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Granting that time travel would ever be conceivable, I would make the following comments:
Initially a reason should be provided to suggest that something is assur. Coincidentally however, I have thought of a comparable precedent which demonstrates how it is permissible to travel through time.
Whenever we move, we inevitably alter time imperceptibly because of time dilation, according to the theory of relativity. And there is no halacha issue with movement, so it follows that there is no halacha issue of altering time. Perhaps according to the same logic, altering your position in time in the backward direction would not be a problem.
However, another issue can be at play. If one travels gradually backward in a machine of sorts and passes through the time of Shabbat or Yom Tov, it would seem that the familiar issues with operating machinery on these days would apply, even though one would be moving backward in time. If one could somehow skip from one moment to another though, he/she may be able to circumvent this problem.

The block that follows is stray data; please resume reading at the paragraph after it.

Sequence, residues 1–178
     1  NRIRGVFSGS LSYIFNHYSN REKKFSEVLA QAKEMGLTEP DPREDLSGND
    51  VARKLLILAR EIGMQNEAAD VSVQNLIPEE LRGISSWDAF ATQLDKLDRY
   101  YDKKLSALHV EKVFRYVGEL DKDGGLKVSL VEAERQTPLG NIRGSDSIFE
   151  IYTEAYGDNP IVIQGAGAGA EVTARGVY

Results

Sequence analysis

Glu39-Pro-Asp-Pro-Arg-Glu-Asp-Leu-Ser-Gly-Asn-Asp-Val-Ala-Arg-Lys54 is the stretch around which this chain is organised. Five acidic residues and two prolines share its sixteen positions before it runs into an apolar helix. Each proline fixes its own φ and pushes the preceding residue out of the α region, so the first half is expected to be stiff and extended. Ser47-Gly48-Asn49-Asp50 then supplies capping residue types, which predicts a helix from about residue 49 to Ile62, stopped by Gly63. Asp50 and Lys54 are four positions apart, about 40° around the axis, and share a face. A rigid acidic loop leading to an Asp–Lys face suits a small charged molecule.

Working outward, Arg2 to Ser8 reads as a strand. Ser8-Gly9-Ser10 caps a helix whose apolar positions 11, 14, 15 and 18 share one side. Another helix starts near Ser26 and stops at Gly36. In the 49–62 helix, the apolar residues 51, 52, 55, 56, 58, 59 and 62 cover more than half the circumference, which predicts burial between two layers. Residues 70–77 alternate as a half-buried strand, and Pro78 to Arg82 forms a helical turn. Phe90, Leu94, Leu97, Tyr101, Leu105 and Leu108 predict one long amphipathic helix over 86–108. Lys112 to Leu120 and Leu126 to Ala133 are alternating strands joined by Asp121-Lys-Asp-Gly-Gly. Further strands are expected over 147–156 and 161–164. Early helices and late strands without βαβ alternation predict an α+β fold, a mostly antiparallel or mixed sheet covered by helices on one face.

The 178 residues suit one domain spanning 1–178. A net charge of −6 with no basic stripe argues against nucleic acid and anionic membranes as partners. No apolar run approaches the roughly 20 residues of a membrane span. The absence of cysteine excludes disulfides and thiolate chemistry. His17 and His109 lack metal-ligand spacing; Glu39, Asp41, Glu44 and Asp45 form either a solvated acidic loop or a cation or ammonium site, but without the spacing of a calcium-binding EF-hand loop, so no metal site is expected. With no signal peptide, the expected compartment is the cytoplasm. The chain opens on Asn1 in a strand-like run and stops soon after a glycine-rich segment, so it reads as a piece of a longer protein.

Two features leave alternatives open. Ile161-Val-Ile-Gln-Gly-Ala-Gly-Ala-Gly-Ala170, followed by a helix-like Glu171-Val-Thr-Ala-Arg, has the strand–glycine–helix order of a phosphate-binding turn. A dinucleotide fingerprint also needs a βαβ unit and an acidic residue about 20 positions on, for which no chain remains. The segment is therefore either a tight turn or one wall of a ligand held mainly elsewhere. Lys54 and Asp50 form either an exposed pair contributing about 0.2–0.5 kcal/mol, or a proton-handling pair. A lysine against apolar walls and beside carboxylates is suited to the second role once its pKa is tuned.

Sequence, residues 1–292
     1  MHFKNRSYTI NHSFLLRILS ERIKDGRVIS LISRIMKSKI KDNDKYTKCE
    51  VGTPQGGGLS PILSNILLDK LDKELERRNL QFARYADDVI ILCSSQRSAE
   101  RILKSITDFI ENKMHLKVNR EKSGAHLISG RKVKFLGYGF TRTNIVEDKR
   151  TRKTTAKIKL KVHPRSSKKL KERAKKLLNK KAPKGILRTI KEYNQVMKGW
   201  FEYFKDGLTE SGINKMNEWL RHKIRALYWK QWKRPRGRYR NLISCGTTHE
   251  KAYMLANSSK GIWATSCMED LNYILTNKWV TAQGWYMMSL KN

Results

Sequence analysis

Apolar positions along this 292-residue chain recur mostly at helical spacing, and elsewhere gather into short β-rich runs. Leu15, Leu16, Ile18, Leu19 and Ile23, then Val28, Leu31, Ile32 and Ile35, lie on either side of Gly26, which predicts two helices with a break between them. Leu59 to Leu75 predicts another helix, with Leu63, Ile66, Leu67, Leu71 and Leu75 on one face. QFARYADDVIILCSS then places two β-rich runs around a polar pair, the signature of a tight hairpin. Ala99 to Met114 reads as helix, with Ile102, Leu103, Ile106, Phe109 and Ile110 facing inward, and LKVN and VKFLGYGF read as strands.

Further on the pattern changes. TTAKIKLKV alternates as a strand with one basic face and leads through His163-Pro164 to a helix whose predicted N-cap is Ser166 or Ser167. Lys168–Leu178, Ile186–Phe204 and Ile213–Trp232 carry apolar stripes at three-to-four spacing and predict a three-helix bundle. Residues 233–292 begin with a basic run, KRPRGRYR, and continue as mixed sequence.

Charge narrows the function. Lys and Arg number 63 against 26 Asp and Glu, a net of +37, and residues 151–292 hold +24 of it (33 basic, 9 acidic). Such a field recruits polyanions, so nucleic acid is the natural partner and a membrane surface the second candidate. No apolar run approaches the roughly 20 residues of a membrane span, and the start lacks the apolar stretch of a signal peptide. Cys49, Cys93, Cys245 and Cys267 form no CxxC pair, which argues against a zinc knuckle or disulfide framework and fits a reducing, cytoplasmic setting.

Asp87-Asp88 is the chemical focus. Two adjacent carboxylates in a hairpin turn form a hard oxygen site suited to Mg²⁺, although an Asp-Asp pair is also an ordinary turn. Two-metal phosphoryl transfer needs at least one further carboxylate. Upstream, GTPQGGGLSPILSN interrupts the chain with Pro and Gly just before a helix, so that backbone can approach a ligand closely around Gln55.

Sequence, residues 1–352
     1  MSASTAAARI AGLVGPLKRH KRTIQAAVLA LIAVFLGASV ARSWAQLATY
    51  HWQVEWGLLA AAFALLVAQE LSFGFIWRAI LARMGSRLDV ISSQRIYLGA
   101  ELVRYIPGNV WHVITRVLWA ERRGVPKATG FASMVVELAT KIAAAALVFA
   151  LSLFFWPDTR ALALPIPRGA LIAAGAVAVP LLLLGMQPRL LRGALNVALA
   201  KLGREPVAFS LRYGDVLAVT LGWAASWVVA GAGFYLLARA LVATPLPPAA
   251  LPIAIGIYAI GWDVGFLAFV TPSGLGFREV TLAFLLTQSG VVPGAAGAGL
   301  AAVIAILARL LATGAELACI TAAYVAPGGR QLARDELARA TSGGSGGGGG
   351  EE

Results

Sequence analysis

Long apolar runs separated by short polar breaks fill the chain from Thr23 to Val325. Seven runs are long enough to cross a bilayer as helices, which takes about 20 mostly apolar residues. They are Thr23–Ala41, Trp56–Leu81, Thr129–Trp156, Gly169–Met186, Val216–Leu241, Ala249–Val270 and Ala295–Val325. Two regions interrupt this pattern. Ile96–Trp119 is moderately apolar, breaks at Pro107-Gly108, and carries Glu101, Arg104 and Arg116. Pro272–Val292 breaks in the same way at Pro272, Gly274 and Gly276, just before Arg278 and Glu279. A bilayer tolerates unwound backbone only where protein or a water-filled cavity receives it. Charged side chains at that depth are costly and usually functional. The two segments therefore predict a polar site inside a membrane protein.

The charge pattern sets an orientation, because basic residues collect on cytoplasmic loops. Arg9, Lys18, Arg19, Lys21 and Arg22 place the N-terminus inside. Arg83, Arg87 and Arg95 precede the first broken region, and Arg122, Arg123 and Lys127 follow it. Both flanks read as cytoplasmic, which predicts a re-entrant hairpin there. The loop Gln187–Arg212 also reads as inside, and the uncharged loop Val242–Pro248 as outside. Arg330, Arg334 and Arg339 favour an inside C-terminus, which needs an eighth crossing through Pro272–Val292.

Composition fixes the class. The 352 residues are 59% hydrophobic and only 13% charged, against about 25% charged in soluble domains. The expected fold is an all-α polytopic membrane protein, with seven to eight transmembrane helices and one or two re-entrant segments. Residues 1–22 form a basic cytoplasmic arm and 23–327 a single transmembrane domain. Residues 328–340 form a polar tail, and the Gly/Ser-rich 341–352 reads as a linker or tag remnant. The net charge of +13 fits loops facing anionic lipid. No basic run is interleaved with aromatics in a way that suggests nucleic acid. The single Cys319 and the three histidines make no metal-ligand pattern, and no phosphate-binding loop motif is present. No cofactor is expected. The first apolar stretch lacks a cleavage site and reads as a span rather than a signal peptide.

The mishna in Chagigah (2:1) mentions some things which man cannot delve into:
These appear to refer to Hashem's realm of space ('above' and 'below') and time ('before' and 'after'). There are those things which are inherently incomprehensible to us. Although this isn't directly related to time travel, it Bartenura writes how it related to unknowable epochs:
According to the Bartenura knowledge of 'pre-Earth' as well as 'acharit hayamim' (a specific point in time in the future) would be problematic.
The Kehati gives further explanation:
Having said all this, this is in reference to learning about these topics. Perhaps this idea can be extrapolated by a kal v'chomer.
The Talmud in Tractate Menachot (29b) says Moshe Rabeinu was transported in time to Rabbi Akiva's torah class and couldn't follow it.